School closure was first implemented across China after the new year holidays (Tian et al., 2020[9]). On March 18, 2020, the United Nations Educational, Scientific and Cultural Organization (UNESCO) estimated that 107 countries had implemented a school closure strategy and predicted that roughly half of all students -approximately 862 million- will be affected by the COVID-19 (Viner et al., 2020[10]). Apart from the mental health problems that were imposed on children, school closure has led to the elimination of routine programs such as free nutrition and programs, school-based vaccination programs, school nursing, etc. Such programs are to promote equity amongst marginalized communities (Armitage and Nellums, 2020[1]).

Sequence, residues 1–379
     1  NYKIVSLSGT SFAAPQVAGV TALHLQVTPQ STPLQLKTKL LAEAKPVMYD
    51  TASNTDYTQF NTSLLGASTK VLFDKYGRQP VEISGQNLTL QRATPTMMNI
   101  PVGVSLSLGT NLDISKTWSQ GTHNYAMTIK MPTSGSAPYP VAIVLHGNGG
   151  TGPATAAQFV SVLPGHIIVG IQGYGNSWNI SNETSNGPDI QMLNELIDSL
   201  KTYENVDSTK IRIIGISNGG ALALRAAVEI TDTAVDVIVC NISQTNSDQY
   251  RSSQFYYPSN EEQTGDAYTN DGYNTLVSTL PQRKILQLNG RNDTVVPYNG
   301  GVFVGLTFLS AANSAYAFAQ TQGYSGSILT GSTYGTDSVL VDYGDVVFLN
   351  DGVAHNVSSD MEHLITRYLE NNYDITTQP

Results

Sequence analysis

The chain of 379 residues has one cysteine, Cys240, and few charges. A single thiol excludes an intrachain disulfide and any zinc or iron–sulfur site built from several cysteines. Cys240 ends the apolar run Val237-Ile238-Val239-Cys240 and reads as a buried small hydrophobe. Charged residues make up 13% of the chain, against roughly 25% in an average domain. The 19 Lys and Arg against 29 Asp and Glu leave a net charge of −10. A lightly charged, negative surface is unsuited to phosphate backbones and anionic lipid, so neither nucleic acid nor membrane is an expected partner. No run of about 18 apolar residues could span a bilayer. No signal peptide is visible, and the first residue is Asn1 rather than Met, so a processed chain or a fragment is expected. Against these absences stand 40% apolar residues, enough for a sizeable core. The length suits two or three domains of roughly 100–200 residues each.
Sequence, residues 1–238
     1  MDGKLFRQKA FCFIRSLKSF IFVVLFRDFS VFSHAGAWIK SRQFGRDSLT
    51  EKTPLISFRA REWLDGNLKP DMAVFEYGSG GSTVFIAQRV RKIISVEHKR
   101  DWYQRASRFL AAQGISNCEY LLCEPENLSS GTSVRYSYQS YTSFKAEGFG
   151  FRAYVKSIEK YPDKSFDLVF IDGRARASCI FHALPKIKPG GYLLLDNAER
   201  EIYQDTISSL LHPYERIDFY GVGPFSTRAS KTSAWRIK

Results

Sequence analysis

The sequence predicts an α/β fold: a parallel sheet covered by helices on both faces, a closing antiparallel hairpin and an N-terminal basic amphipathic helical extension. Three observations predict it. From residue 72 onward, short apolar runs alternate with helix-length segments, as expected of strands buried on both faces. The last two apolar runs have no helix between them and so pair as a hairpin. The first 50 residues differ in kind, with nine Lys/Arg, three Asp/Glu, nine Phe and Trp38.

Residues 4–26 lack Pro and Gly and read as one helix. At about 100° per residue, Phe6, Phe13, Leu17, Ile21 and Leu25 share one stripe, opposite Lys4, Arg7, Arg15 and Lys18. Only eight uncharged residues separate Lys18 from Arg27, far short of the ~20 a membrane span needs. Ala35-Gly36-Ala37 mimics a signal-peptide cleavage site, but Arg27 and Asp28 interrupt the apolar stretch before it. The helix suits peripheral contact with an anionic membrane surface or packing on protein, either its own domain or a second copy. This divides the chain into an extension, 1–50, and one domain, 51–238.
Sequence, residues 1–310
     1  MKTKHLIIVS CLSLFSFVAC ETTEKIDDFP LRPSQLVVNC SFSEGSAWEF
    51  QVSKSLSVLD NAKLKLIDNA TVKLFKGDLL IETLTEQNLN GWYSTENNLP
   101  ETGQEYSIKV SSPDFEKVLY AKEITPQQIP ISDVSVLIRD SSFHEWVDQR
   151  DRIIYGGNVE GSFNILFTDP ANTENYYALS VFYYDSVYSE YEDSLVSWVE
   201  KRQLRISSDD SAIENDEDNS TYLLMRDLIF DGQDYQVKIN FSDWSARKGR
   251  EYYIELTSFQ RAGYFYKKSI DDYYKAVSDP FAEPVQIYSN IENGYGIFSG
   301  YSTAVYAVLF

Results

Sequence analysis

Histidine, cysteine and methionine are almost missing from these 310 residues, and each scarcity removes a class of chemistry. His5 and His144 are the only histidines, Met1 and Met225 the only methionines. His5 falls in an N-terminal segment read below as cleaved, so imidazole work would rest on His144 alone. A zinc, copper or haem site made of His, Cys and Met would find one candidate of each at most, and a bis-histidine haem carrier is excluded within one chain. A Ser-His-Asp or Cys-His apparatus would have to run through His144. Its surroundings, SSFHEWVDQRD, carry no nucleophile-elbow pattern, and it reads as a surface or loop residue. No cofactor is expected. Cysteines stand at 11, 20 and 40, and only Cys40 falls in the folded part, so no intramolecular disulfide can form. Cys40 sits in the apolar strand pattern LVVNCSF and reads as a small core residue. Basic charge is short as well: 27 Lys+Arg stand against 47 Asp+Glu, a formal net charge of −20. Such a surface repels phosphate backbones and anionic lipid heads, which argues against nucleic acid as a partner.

Apart from the mentioned consequences, the effectiveness of such policy should be subjected to criticism. If we take a look at the Severe Acute Respiratory Syndrome (SARS) outbreak, the effectiveness of school closure policies is debatable. Most of the studies showed that it did not contribute to curbing the outbreak (Viner et al., 2020[10]). In the current pandemic, several studies, mostly from mainland China reported that measures ranging from quarantine to social distancing were effective, and school closure was part of these measures (Tian et al., 2020[9]; Lai et al., 2020[6]). However, in the aforementioned studies, the clear impact of school closure was not identified. By contrast, a population-based analysis from the United States showed that school closure had led to a significant decline in the incidences and the consequent mortality rates (Auger et al., 2020[2]).